... sister came to keep house for them, and luckily, she, like his wife, was sensible and kindly, but she stood in great awe of her brother and never dreamt of criticising his conduct. Now his wife had never spared him her caustic, common-sense comments. Politics, especially where they might have affected the well-being of the child, were strictly kept in their proper place, And naturally she considered that, in the upbringing of a very ...
— The Ffolliots of Redmarley • L. Allen Harker

... never been pressed and even menaced by an urgent adviser, never recognised that necessity of doing one thing which seems to throw the troubled mind into the arms of the other. And then below all these contentions Dick had a stubborn, strong determination to conduct this matter his own way. He had decided in his mind that it was the best way. If there had been any latent doubt on the subject before he consulted his old friend, that had been dissipated by the interview and by all the old gentleman's cogent reasoning on the other side. Dick felt ...
— A Country Gentleman and his Family • Mrs. (Margaret) Oliphant

... "bottle" electricity was attempted by Muschenbr[oe]ck, at Leyden, who conceived the idea that electricity in materials might be retained by surrounding them with bodies which did not conduct the current. He electrified some water in a jar, and communication having been established between the water and the prime conductor, his assistant, who was holding the bottle, on trying to disengage the communicating wire, received ...
— Electricity for Boys • J. S. Zerbe

... supervise the cease-fire and conduct a referendum in Western Sahara; established by the UN ...
— The 2003 CIA World Factbook • United States. Central Intelligence Agency

... tumult. After nearly two months of violence, the outbreak ended in the complete collapse of the strikers. This result was doubly damaging to the Knights of Labor, for they had officially taken charge of the strike and were censured on the one hand for their conduct of the struggle and on the other for the defeat ...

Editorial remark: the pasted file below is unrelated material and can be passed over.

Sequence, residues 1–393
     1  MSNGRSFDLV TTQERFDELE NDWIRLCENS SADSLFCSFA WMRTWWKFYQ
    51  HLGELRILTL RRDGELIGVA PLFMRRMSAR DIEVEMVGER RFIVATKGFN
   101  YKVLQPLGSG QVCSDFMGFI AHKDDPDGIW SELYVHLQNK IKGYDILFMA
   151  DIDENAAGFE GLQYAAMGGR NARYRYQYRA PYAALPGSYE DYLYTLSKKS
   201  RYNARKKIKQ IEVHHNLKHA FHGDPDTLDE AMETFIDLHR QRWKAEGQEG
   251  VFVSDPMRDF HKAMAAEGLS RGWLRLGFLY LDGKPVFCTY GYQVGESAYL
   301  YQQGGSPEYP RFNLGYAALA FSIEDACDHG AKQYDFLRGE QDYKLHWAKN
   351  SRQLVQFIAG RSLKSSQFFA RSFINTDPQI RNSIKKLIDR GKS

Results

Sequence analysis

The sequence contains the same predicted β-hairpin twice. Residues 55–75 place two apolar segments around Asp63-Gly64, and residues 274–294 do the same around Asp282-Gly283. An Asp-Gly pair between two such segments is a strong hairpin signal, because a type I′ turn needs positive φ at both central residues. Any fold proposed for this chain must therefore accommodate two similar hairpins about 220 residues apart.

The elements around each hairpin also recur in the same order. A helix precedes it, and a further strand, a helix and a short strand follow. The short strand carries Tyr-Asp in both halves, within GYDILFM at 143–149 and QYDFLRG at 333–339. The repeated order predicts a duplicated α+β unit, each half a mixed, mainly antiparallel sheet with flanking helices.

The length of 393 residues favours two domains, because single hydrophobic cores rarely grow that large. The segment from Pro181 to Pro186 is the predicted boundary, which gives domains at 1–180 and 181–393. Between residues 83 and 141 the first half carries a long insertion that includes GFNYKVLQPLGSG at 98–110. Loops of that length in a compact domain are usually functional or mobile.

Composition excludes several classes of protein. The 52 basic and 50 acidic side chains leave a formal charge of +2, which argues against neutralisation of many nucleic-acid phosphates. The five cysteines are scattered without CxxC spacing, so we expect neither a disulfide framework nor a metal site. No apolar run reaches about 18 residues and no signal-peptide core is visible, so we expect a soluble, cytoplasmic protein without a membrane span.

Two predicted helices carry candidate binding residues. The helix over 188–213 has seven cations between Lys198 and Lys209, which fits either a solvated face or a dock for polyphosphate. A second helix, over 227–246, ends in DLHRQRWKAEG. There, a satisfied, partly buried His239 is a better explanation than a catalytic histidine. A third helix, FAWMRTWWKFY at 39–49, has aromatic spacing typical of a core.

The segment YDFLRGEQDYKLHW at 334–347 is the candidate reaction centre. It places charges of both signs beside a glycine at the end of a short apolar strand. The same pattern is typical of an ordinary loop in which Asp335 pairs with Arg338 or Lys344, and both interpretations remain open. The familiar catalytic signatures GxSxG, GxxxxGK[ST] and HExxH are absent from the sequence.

— The Armies of Labor - Volume 40 in The Chronicles Of America Series • Samuel P. Orth

... many centuries, certainly up to the French Revolution, Religion as Law was the dominant conception in Judaism. Before examining the validity of this conception a word is necessary as to the mode in which it expressed itself. Conduct, social and individual, moral and ritual, was regulated in the minutest details. As the Dayan M. Hyamson has said, the maxim De minimis non curat lex was not applicable to the Jewish Law. This Law was a system of opinion and of practice and of feeling in which the great principles ...
— Judaism • Israel Abrahams

... the mysterious unknown, and Frank was on his feet in a twinkling, resolved not to let the man escape till he had given a full explanation of his remarkable conduct. ...
— Frank Merriwell's Races • Burt L. Standish

... childhood, fortunate or unfortunate, determine the main temper and disposition of our lives. For it is underneath the multitude of fleeting proposals and conscious efforts, born of reason, and which, to one looking upon life from any superficial stand-point, seem to have all to do with its conduct, that there runs the undercurrent of disposition, which is born of Nature, which is cradled and nurtured with us in our infancy, which is itself a general choice, branching out into our specific choices of certain directions and aims among all opposite directions ...
— Atlantic Monthly, Vol. XII. September, 1863, No. LXXI. - A Magazine Of Literature, Art, And Politics • Various

... quoted, lays down a fair conduct of life, and one not easy to follow. I have been fellow to a beggar again and again under circumstances which prevented either of us finding out whether the other was worthy. I have still to be brother to a Prince, though I once ...
— Stories by English Authors: Orient • Various

... the subject, of its inclination towards generation, which it has contracted with matter. She dispatches the armed thoughts, which, solicited and urged by disagreement with the inferior nature, are sent to recall the heart. The soul instructs them how they should conduct themselves, so that, being allured and attracted by the object, they do not become induced to remain, they also, captive and companions of the heart. She says, then, they are to arm themselves with ...